“This list has 345 occupations that are in high demand [and] tells us which occupations are likely to have what vacancies and which occupations are likely to grow due to new investments, by both government and the private sector,” he said.

The Minister is confident that the skills that students will acquire at Msinga College, will take them to greater heights with prospects of a successful career.

To further illustrate government’s commitment to massify skills development, in 2018 the department embarked on a campaign to launch 26 Centres of Specialisation located in 19 of 50 TVET colleges prioritising 13 occupational trades in high demand.

This move aimed to curb the shortage of trade and occupational skills, while reducing unemployment and poverty.

The centres were provided with resources to upgrade their workshops and equipment to deliver effectively on much-needed skills.

“These Centres of Specialisation are well positioned to prepare students for the workplace, or for self-employment, through the maintenance of close working relationships with employers in their areas of study. We have also established entrepreneurship hubs at TVET Colleges to support students to move into self-employment after completion of their programmes.”


Nzimande also believes that the country is well on track to produce 30 000 qualified artisans per year by 2030.

This follows the launch of the Decade of the Artisan campaign in 2013, which promotes artisanship as a career of choice for the youth.

Launched under the theme: “It’s cool to be a 21st Century Artisan”, the campaign ensures the development of the necessary artisans to successfully implement the country’s Strategic Infrastructure Projects, which include the construction of roads, schools, universities, harbours, power stations, and other social and economic infrastructure.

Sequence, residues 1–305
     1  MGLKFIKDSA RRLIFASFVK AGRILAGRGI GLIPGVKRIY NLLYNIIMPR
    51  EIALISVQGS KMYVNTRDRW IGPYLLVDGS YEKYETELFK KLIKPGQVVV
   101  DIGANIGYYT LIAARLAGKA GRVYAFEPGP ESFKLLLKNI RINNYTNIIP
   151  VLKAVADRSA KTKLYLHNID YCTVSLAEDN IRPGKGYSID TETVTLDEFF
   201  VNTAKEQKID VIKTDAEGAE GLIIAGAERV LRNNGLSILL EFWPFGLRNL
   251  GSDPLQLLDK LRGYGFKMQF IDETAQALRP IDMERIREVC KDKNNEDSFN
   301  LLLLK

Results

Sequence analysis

“The reality is that South Africa needs at least 60% of school leavers to pursue artisanal type training to meet the country’s demand for scarce skills. We honestly need to do more to encourage school leavers to pursue technical trades.

“Our Government’s National Development Plan (NDP) and our White Paper for Post-School Education and Training expects of us that by 2030, the country should be producing 30 000 qualified artisans per year. At present, our country is producing an average 20 000 qualified artisans per year,” Nzimande said.

He stressed the need to ensure that the number increase drastically leading up to 2030 for the country to realise the NDP target.

“We however do believe that we are well on track to attain this goal and even surpass it. The Msinga campus is very much part of this agenda and will help us greatly to produce more artisans.”

Nzimande said with the current challenges within different sectors in society, more artisans are needed than ever before and the work of artisans will always be guaranteed.

Progress made to date, shows that government is burning the candle at both ends. –